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The main issue you're running into is that SQL is a context-free language. That is, it belongs to a class of languages whose expressive power is greater than regular languages and thus cannot be parsed using regular expressions. (The "regular" in regular expressions refers to regular languages.) You'll need to use a recursive descent parser to properly handle SQL statements.

The best place to begin is to find a grammar for the specific dialect of SQL you're using. You mention that you're parsing MySQL logs, so you may be in luck. The MySQL docs include a grammar for each SQL command it understands. For instance, on the doc page for select, the gray box in fixed width font is the grammar.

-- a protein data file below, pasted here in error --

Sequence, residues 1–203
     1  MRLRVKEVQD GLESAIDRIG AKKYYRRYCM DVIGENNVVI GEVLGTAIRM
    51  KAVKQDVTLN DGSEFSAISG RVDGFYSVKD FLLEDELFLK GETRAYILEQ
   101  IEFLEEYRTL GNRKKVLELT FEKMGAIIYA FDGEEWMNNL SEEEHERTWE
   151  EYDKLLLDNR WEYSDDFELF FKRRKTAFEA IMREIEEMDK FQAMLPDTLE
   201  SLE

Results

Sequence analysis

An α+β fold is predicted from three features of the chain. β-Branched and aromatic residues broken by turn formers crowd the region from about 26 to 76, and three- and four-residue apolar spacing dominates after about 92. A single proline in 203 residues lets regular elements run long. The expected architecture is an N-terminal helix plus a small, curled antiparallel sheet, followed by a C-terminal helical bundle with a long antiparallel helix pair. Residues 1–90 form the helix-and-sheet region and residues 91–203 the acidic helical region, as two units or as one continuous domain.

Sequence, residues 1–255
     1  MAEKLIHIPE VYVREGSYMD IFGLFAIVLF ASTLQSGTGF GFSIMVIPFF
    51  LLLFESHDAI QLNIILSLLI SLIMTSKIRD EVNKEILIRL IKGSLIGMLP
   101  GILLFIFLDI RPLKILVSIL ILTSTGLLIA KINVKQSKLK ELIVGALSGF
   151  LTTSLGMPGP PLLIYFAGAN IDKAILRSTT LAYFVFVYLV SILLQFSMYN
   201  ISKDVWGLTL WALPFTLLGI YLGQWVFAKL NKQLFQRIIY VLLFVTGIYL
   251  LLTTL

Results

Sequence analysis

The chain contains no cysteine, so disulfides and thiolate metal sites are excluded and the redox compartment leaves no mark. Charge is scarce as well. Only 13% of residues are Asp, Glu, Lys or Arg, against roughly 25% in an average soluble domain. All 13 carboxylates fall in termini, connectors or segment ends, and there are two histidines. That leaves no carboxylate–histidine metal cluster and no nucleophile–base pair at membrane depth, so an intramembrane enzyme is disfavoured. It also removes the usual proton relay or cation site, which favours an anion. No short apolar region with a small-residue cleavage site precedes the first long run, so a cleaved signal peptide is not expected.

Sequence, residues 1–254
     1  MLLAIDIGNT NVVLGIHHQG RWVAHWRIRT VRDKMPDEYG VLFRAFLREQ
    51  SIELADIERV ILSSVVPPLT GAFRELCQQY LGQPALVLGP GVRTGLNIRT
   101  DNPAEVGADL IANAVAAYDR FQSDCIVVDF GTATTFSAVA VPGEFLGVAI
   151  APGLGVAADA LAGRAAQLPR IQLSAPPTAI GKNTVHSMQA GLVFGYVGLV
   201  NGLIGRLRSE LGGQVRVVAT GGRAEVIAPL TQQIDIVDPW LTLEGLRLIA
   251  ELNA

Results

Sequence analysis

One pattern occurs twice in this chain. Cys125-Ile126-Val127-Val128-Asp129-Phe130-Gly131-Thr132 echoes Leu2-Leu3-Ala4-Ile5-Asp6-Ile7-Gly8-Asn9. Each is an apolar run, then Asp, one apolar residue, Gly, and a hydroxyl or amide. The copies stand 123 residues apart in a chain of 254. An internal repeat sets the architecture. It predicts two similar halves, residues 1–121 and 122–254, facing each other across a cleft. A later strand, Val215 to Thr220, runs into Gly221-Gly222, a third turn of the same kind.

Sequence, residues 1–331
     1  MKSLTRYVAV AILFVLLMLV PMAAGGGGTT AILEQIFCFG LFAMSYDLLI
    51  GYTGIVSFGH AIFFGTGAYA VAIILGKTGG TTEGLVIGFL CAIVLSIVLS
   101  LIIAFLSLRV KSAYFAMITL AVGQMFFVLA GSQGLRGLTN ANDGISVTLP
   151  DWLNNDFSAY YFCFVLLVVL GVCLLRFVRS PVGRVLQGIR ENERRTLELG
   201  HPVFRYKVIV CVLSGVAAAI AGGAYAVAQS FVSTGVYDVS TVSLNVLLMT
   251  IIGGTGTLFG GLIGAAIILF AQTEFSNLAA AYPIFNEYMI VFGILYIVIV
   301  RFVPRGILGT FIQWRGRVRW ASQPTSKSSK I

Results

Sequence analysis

I do not know the specifics of RecDescent (never used it), but I think you should be able to give it the grammar and a SQL statement and it will give you a parse tree. That greatly simplifies your job, because now you only have to recognize patterns in the tree. In fact, productions of the grammar using specific rules are probably the exact "prototypes" you're looking for.

A note on efficiency: recursive descent parser isn't terrible efficient at O(n3) in the size of the input. If speed's the name of the game and you have a lot of time to spend on this, you can try building an LL(1) grammar for SQL which can be parsed in O(n) using a custom parser. Not recommended for the faint of heart.

Further note: I'm not the anonymous monk in the gp, just a CS student with a passion for theory.


In reply to Re^3: In search of an efficient query abstractor by mpeg4codec
in thread In search of an efficient query abstractor by xaprb

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